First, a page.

George Wendt is one of two Republian incuments in a three-way race for the two open District 3 seats on the McLean County Board. (Photo by Beth Whisman/WJBC)
By Beth Whisman
BLOOMINGTON - Republican George Wendt was elected to the McLean County Board in 2008 after the late Mike Sweeney was forced to retire due to health reasons. He's now up for re-election in the new District 3.
Wendt is retired from the Illinosi Department of Labor and has 25 years experience selling life insurance and estate planning. Here is a look at where he stands on local issues:
Wendt says the county needs to redefine how it views revenue, and consider whether every new penny earned needs to be immediately spent. He was vocal during the budget process last fiscal year when the county cut spending in order to fill a budget gap and avoid a property tax increase.
"I questioned the administration on how much we would have to reduce the $78 million budget and it came out to about $90,000," he explained. "After that question, they called all the committees back and they found $126,000 in reductions so last year we didn't have to raise the tax rate."
He's urging the county to do the same thing this year with a $350,000 budget gap.
"My remaining goal after serving four years is to be vigilant on how we're spending our money, making sure we keep our budget in line with the current tax rate and keep our services to the public to the quality that they should be without increasing the tax rate," he added.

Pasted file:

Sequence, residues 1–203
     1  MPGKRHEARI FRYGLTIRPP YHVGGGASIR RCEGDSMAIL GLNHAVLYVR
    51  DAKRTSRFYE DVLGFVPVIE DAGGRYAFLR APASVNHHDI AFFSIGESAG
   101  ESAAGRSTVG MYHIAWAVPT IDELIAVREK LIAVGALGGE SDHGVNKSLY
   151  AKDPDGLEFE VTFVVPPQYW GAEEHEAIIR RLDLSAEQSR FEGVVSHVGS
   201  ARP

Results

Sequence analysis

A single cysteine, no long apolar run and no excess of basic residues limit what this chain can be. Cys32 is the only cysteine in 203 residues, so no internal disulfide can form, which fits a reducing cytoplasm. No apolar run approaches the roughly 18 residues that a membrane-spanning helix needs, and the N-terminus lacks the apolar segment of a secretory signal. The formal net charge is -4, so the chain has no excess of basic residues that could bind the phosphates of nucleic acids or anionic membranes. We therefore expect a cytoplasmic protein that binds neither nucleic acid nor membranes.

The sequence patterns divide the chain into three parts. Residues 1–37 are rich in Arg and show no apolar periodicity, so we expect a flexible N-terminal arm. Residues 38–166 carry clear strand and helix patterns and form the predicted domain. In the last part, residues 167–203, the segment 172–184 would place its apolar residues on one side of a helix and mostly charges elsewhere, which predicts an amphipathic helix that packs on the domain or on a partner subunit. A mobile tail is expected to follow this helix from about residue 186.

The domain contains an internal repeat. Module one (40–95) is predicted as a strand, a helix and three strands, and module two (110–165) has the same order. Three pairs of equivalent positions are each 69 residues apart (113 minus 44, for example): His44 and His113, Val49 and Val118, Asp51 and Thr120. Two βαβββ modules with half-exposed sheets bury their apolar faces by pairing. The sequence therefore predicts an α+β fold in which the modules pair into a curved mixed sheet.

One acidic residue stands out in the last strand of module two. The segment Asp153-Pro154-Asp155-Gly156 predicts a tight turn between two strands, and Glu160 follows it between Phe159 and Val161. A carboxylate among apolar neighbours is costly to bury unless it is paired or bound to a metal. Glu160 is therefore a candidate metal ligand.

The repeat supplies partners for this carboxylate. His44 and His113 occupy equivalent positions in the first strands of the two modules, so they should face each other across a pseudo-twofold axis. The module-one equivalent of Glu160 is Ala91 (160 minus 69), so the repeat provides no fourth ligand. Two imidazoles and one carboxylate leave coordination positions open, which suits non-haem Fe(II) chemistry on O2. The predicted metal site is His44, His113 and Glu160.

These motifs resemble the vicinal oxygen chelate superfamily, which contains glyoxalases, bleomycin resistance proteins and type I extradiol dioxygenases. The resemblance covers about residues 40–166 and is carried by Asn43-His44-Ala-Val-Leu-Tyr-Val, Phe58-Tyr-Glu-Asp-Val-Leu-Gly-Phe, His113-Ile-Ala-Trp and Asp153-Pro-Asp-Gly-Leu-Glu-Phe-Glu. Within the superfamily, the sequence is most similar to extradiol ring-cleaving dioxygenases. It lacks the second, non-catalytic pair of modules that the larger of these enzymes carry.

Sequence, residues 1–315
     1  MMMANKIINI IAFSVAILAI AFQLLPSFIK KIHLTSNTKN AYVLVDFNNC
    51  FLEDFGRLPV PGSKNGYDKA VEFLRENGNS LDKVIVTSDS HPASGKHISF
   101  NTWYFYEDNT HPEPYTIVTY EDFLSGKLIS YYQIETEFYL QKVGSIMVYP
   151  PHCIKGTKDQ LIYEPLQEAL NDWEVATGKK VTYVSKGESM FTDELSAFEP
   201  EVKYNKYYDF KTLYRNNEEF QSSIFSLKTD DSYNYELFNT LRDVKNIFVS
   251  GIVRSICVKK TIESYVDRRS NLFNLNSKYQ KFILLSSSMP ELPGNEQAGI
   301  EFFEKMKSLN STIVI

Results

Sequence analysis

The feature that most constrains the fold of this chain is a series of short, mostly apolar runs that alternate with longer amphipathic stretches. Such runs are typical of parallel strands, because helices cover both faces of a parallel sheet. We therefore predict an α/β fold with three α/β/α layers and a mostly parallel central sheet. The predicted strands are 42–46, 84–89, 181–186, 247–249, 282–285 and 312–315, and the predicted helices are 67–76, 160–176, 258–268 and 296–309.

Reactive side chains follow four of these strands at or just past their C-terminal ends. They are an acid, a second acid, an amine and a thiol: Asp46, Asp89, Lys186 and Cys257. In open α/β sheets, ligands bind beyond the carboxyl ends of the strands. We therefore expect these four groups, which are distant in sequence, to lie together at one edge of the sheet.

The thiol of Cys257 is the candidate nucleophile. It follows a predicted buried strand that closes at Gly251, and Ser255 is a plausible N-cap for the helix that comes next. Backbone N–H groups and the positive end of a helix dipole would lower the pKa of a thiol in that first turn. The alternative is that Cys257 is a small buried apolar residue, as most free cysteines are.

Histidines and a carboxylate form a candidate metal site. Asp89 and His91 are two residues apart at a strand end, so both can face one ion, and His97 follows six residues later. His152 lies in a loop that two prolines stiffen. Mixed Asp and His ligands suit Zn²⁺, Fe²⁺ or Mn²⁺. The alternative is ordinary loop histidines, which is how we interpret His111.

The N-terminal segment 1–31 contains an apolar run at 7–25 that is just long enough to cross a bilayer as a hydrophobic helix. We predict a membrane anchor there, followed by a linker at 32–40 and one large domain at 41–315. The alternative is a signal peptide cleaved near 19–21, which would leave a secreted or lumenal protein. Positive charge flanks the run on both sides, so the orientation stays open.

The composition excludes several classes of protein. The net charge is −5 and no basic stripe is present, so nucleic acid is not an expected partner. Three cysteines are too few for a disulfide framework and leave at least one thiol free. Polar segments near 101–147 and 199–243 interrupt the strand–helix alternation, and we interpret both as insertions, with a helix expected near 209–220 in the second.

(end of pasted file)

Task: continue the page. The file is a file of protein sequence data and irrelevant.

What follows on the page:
Wendt stirred some controversy last summer when he asked for a review of zoning practices because he was worried the county might be missing out on new job and revenue opportunities.
"In particular, the oil and gas industry has tried a couple of different times to come into the county," Wendt explained. "But it has been discouraged because of the way we approach the permit system."
The request sparked a debate about loosening the permit process for fracking -- an extraction method for oil and natural gas that has environmentalists calling for a ban. The Land Use Committee is currently reviewing the idea and the Illinois General Assembly is considering what the rules should be regarding fracking and its byproducts.
Wendt said he wants any busniess that comes here to be environmentallhy safe and worker friendly, but he points out the state regulates those areas.
Meanwhile, Wendt said he is concerned about protecting the local water supply. He said a future, long-term supply is a top priority. He thinks the board is best suited to be a leader in balancing rural and urban needs.
"The county should be aware of protecting the water supply, and obviously we want the smaller communities to get access to the water ... and we don't want situations that would disrupt individual wells," said Wendt.
Wendt is running against fellow incumbent Diane Bostic and Democratic challenger Julie Brandt. He can be reached via email through the county board website.
Beth Whisman can be reached at firstname.lastname@example.org.